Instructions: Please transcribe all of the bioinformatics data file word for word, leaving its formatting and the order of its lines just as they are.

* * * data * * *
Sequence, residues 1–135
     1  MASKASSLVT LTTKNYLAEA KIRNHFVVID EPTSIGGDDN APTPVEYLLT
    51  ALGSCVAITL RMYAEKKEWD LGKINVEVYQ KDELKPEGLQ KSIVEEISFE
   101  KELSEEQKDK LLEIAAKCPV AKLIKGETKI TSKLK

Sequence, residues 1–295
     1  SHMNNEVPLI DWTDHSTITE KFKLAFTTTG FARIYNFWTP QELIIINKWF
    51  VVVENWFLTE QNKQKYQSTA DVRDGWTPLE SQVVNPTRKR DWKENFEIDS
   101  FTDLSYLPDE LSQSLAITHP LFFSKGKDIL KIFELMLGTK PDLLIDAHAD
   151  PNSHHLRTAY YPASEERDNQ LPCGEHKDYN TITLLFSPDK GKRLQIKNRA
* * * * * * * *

Sequence, residues 1–135
     1  MASKASSLVT LTTKNYLAEA KIRNHFVVID EPTSIGGDDN APTPVEYLLT
    51  ALGSCVAITL RMYAEKKEWD LGKINVEVYQ KDELKPEGLQ KSIVEEISFE
   101  KELSEEQKDK LLEIAAKCPV AKLIKGETKI TSKLK

Sequence, residues 1–295
     1  SHMNNEVPLI DWTDHSTITE KFKLAFTTTG FARIYNFWTP QELIIINKWF
    51  VVVENWFLTE QNKQKYQSTA DVRDGWTPLE SQVVNPTRKR DWKENFEIDS
   101  FTDLSYLPDE LSQSLAITHP LFFSKGKDIL KIFELMLGTK PDLLIDAHAD
   151  PNSHHLRTAY YPASEERDNQ LPCGEHKDYN TITLLFSPDK GKRLQIKNRA